In light of these findings, researchers concluded that a defense mechanism, which they labeled “backfire”, was preventing individuals from producing pure rational thought. The result is a self-delusion that appears so regularly in normal thinking that we fail to detect it in ourselves, and often in others: When faced with facts that do not fit seamlessly into our individual belief systems, our minds automatically reject (or backfire) the presented facts. The result of backfire is that we become even more entrenched in our beliefs, even if those beliefs are totally or partially false.
“The general idea is that it’s absolutely threatening to admit you’re wrong,” said Brendan Nyhan, the lead researcher of the Michigan study. The occurrence of backfire, he noted, is “a natural defense mechanism to avoid that cognitive dissonance.”
The conclusion made here is this: facts often do not determine our beliefs, but rather our beliefs (usually non-rational beliefs) determine the facts that we accept. As the Boston Globe article notes:
In reality, we often base our opinions on our beliefs, which can have an uneasy relationship with facts. And rather than facts driving beliefs, our beliefs can dictate the facts we chose to accept. They can cause us to twist facts so they fit better with our preconceived notions. Worst of all, they can lead us to uncritically accept bad information just because it reinforces our beliefs. This reinforcement makes us more confident we’re right, and even less likely to listen to any new information. And then we vote.
Despite this finding, Nyhan claims that the underlying cause of backfire is unclear. “It’s very much up in the air,” he says. And on how our society is going to counter this phenomena, Nyhan is even less certain.
These latter unanswered questions are expected in any field of research, since every field has its own limitations. Yet here the field of psychoanalysis can offer a completion of the picture.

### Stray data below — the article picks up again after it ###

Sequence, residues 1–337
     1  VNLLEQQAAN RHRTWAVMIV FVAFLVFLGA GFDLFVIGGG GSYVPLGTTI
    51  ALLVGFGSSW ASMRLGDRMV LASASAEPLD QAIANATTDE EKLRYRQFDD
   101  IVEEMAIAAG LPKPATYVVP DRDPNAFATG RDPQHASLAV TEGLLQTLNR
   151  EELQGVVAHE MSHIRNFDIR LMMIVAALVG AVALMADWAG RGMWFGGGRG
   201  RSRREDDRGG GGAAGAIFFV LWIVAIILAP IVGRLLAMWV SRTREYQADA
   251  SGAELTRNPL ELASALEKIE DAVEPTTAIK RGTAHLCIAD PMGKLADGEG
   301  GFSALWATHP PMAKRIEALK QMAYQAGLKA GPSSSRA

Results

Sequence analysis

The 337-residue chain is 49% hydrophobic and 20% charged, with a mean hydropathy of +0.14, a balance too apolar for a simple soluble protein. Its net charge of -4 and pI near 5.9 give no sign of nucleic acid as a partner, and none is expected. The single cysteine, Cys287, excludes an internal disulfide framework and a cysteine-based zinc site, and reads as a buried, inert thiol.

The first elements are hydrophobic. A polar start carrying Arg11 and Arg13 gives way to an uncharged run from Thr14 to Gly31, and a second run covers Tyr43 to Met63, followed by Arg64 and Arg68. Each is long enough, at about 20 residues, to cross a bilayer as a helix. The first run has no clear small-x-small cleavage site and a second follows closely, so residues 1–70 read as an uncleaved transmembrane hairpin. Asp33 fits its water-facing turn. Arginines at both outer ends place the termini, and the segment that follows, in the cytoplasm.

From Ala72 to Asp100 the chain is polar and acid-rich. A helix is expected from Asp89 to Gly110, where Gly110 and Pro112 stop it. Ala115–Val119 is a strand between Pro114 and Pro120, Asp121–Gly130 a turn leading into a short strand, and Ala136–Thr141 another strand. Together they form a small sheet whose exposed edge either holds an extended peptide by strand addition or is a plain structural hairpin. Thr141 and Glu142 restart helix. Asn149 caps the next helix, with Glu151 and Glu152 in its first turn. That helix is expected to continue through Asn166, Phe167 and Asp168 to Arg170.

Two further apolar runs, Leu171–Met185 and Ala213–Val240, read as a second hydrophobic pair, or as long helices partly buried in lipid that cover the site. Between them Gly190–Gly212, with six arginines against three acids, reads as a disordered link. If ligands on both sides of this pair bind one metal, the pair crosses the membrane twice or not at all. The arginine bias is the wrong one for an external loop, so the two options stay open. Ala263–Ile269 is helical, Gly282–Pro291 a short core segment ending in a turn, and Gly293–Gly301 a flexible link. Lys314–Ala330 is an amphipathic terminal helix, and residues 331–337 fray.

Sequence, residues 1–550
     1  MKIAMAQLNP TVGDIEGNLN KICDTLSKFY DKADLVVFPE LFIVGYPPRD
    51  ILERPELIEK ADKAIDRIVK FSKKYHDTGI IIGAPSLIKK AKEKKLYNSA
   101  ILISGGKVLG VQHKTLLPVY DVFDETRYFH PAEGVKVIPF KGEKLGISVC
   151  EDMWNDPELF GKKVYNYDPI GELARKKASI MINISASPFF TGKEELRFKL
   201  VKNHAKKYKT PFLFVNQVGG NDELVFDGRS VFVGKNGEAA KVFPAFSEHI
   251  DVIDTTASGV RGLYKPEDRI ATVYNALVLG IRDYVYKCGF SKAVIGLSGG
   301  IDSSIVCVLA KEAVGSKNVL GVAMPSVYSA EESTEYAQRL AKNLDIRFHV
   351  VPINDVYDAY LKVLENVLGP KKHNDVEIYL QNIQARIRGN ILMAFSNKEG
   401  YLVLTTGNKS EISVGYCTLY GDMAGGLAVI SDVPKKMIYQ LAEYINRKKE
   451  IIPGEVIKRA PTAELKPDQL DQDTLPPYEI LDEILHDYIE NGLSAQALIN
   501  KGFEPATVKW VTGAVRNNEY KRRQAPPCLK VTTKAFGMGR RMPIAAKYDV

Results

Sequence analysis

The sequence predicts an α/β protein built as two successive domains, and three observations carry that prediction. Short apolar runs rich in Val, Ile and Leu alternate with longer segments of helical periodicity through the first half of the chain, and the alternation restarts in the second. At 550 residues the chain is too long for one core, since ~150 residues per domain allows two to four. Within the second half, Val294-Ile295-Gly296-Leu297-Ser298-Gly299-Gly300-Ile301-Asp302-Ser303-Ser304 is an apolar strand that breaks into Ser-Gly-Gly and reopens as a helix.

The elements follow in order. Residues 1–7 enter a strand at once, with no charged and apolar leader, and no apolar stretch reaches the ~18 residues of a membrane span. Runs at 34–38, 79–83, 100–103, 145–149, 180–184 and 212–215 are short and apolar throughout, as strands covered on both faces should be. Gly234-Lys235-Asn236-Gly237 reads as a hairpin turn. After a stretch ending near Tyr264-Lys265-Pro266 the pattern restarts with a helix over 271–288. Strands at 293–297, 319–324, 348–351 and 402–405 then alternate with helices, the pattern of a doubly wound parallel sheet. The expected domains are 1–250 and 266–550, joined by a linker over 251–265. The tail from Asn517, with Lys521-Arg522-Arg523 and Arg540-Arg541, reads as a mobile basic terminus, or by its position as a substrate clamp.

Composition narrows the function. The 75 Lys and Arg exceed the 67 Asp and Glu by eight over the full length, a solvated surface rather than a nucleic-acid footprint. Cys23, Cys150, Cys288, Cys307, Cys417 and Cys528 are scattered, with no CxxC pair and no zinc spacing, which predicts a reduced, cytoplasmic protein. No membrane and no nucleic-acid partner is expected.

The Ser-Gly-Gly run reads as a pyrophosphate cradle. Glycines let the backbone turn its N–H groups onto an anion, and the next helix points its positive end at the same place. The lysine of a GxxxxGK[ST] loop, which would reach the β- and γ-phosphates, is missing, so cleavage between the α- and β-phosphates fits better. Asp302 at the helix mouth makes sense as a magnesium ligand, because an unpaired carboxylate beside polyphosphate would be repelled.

Disavowal and Backfire: One and the Same
In an article by psychoanalyst Rex Butler, Butler independently comes to the same conclusion as the Michigan Study researchers. In regards to facts and their relationship to belief systems (or ideologies), Butler says that:
there is no necessary relationship between reality and its symbolization … Our descriptions do not naturally and immutably refer to things, but … things in retrospect begin to resemble their description. Thus, in the analysis of ideology, it is not simply a matter of seeing which account of reality best matches the ‘facts’, with the one that is closest being the least biased and therefore the best. As soon as the facts are determined, we have already – whether we know it or not – made our choice; we are already within one ideological system or another. The real dispute has already taken place over what is to count as the facts, which facts are relevant, and so on.
This places the field of psychoanalysis on the same footing as that of cognitive science, in regards to this matter. But where cognitive studies end, with Nyhan’s question about the cause of backfire, psychoanalysis picks up and provides a possible answer. In fact, psychoanalysts have been publishing work on backfire for decades; only psychoanalysis refers to backfire by another name: “disavowal”. Indeed, these two terms refer to one and the same phenomena.
The basic explanation for the underlying cause of disavowal/backfire goes as follows.
“Liberals” and “conservatives” espouse antithetical belief systems, both of which are based on different non-rational “moral values.” This is a fact that cognitive linguist George Lakoff has often discussed, which incidentally brings in yet another field of study that supports the existence of the disavowal/backfire mechanism.
In accordance with these different non-rational belief systems, any individual’s ideology tends to function also as a ‘filtering system’, accepting facts that seamlessly fit into the framework of that ideology, while dismissing facts that do not fit.
When an individual—whether a “liberal”, “conservative”, or any other potential ideology—is challenged with facts that conflict with his/her ideology, the tendency is for that individual to experience feelings of anxiety, dread, and frustration. This is because our ideologies function, like a lynch pin, to hold our psychologies together, in order to avoid, as Nyhan puts it, “cognitive dissonance”. In other words, when our lynch pins are disturbed, our psychologies are shaken. ... http://www.alternet.org/story/149262/are_we_too_dumb_for_democracy_the_logic_behind_self-delusion?page=entire (Total of seven pages)